The classic VPC approach would indicate that we need to start with our citizens and ask what sort of value places might enable for them. However, places don’t just exist because people do – they would be perfectly happy without anyone. So we can’t start on the right of the canvas, then, asking what functional, social, or emotional jobs might people be trying to achieve: we need to be place-centric and look at what products or services a place offers as a starting point and then map that to demand. A trunk road, for example, offers transport infrastructure comprising road surfaces, traffic regulation services (speed limits, traffic lights, surveillance cameras), and traffic information services (street furniture, variable message signs, etc); whereas an area of outstanding natural beauty might offer scenery, refreshments, gifts, or other recreation.

We also need to consider which other products or services might be needed for people to consume the products or services a place offers (for example, people might need transport to get to some AONB’s and will require vehicles to use a road). Digital transformations might act on the place itself or on ancillary products.

Next we look at the gain creators. Does the place do something that saves people time, effort, or money? Does it meet or exceed people’s expectations?

Finally we need to look at the “pain relievers”. Is there something about this place that solves a problem for people or produce a saving? Does this place make people feel better?

Of course, these are just categories and a bit of framework. We will need to actually get out there and listen to people if we are to deduce what value a place really has for the people that use it. This post has gone on too long already so I’ll save that for the next one. Without wanting to create a hostage to fortune, we also need to look at both the way that places will respond to environmental factors and a taxonomy of digital interventions that we might make so all being well I’ll tackle those topics shortly too.

Localgov is dying

It is now official. Netcraft has confirmed: local government is dying.

One more crippling bombshell hit the already beleaguered local government community when IDC confirmed that local government market share has dropped yet again, now down to less than a fraction of 1 percent of all services. Coming on the heels of a recent Netcraft survey which plainly states that local government has lost more market share, this news serves to reinforce what we’ve known all along. Local government is collapsing in complete disarray, as fittingly exemplified by failing dead last [] in the recent Sys Admin comprehensive networking test.

You don’t need to be the Amazing Kreskin to predict local government’s future. The hand writing is on the wall: local government faces a bleak future. In fact there won’t be any future at all for local government because local government is dying. Things are looking very bad for local government. As many of us are already aware, local government continues to lose market share. Red ink flows like a river of blood.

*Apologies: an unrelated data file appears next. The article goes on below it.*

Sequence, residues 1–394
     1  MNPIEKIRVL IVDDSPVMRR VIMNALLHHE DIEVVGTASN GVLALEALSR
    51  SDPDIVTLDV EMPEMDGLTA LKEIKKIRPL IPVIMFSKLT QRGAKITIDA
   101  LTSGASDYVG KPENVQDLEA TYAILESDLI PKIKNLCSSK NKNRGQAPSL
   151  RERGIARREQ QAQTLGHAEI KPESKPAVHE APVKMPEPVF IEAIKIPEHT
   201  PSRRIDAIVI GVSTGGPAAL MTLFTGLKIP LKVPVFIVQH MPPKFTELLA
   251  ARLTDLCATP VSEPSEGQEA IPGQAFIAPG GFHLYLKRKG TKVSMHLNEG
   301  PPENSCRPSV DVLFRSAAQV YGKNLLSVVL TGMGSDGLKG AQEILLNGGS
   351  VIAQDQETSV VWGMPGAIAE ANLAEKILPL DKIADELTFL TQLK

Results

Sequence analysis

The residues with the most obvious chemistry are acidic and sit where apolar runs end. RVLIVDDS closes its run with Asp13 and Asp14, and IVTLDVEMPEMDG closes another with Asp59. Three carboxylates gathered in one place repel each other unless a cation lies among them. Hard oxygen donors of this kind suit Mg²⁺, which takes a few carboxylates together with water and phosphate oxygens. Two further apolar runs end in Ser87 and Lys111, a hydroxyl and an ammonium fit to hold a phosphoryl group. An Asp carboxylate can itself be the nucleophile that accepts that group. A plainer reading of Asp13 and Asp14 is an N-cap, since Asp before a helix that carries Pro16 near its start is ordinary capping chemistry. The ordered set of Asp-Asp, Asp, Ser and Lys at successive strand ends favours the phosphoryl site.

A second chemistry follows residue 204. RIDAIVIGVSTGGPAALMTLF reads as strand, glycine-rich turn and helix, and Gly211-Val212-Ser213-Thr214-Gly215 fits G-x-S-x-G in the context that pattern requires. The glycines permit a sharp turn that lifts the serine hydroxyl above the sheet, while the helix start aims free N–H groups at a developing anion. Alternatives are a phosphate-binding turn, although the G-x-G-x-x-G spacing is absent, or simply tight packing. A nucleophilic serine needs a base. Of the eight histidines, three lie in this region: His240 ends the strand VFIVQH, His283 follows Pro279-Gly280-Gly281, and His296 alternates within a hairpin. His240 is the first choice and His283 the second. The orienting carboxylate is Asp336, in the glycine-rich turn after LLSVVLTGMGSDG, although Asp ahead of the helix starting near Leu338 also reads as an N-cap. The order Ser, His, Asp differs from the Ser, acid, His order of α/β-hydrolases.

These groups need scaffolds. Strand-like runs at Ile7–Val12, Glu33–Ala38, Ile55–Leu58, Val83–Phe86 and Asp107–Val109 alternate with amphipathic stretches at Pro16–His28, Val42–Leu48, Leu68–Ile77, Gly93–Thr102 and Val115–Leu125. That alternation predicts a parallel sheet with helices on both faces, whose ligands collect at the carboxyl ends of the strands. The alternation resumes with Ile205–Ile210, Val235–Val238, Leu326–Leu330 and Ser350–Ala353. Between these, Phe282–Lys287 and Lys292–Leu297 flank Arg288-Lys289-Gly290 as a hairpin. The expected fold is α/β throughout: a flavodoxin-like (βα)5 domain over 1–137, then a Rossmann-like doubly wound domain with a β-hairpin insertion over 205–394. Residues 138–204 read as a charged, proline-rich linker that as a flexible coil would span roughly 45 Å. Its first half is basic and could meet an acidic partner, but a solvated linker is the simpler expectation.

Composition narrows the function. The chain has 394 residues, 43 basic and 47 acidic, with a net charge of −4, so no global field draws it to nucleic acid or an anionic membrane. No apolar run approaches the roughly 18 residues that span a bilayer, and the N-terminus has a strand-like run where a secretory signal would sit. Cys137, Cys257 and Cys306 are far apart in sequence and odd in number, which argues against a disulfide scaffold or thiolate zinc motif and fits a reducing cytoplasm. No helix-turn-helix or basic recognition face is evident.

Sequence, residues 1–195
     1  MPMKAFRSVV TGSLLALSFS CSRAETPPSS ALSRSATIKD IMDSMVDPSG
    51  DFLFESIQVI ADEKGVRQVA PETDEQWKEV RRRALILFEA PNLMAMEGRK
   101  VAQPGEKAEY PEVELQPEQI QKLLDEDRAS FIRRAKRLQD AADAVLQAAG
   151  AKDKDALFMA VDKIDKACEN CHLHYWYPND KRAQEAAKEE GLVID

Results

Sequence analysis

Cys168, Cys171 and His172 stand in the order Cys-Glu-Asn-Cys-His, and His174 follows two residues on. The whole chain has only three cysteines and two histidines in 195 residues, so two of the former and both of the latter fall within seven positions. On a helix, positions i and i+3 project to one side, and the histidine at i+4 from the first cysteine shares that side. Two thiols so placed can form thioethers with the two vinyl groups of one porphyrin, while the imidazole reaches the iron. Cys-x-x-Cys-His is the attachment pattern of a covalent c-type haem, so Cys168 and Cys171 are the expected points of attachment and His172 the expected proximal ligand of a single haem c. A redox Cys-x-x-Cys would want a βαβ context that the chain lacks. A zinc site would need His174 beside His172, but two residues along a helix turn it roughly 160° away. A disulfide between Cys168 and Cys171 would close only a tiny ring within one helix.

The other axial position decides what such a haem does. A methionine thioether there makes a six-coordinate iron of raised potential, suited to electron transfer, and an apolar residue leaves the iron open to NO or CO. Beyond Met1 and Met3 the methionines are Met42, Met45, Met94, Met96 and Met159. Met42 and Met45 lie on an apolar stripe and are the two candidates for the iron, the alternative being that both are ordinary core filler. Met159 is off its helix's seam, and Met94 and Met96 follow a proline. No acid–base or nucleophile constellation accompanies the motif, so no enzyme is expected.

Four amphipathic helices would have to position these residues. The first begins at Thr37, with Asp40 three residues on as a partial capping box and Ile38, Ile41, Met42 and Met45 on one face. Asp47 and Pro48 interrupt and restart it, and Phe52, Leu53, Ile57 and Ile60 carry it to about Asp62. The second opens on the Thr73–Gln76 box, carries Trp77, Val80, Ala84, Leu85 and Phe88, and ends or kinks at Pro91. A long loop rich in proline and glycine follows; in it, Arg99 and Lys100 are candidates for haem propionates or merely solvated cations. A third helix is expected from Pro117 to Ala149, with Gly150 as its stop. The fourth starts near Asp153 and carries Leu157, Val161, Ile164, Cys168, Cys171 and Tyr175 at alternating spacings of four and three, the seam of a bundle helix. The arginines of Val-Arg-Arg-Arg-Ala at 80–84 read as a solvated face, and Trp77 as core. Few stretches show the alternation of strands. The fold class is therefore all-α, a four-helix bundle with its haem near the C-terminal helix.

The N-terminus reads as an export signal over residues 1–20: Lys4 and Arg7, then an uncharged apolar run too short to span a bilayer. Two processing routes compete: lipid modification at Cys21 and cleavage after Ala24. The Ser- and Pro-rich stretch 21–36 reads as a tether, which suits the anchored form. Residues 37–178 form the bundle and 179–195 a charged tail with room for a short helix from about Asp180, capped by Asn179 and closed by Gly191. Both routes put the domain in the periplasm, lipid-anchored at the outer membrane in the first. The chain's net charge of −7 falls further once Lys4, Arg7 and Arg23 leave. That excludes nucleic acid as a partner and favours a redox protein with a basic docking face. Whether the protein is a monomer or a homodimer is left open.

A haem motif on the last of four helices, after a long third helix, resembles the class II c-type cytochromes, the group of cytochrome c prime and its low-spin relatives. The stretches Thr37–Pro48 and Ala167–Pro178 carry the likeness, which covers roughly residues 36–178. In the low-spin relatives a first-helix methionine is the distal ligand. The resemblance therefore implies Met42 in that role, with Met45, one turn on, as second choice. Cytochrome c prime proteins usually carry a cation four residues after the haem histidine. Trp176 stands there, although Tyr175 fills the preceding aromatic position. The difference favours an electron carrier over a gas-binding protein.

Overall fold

Municipal local government is the most endangered of them all, having lost 93% of its core developers. The sudden and unpleasant departures of long time developers G4S and Serco only serve to underscore the point more clearly. There can no longer be any doubt: city councils are dying.

Let’s keep to the facts and look at the numbers.
OpenlyLocal leader Chris states that there are 11939 councillors on OpenlyLocal. How many users of GovNet are there? Let’s see. The number of OpenlyLocal versus GovNet posts on Usenet is roughly in ratio of 5 to 1. Therefore there are about 11939/5 = 2387 GovNet users. OpenlyLocal posts on Usenet are about half of the volume of GovNet posts. Therefore there are about 1200 users of OpenlyLocal. A recent article put FreeGov at about 80 percent of the Local Government market. Therefore there are (7000+2387+1200)*4 = 42348 FreeGov users. This is consistent with the number of FreeGov Usenet posts.

Due to the troubles of West Somerset, abysmal council tax collection and so on, FreeGov went out of business and was taken over by SouthWest ONE who sell another troubled OS. Now SouthWest ONE is also dead, its corpse turned over to yet another charnel house.

All major surveys show that Local Government has steadily declined in market share. Local Government is very sick and its long term survival prospects are very dim. If Local Government is to survive at all it will be among localist dilettante dabblers. Local Government continues to decay. Nothing short of a miracle could save it at this point in time. For all practical purposes, Local Government is dead.

(with thanks to Uncyclopedia)

Induction Checklist

One of my favourite Twitter followees is Jackie Rafferty and yesterday she posted a series of tweets oultining some of the key “benchmarks” when inducting new staff. I reproduce them here for convenience with some limited commentary.

(Update 17:32. Note: Jackie emphasised these were not in any particular order. Obviously some things are more important than others. #9 obviously ought to be the highest priority :) )

  1. How long does it take to get the login details sorted?
  2. Introductions to essential people in support service areas like Admin, Finance, HR etc
  3. Does someone take you to lunch on day 1?
  4. What do you do when the computer goes down, the printer or the loo run out of paper? (it’s the small things that trip you up)
  5. If it is a hot desk environment what are the unspoken rules? (this led to an exchange between myself and Jackie that will be part of a future blog post)
  6. Some should be expecting you and will give you time to go through this stuff
  7. There is an induction process ;-)
  8. You are told what the job is really about and relevant policies, guidelines & accountabilities are discussed with you
  9. Which mug belongs to whom? Hot drink etiquette. Process for sharing/BYO coffee/tea. Who gets the fresh milk?
  10. Discussion on the organisation’s social media policy (far fetched hope in most I suspect)
  11. (Update 10:30am) Induction is a process, not a one-off event.

Jackie said herself that these were a set of thoughts rather than a rigorous list, so please feel free to add your own in the comments and I’ll update the list.


Get every new post delivered to your Inbox.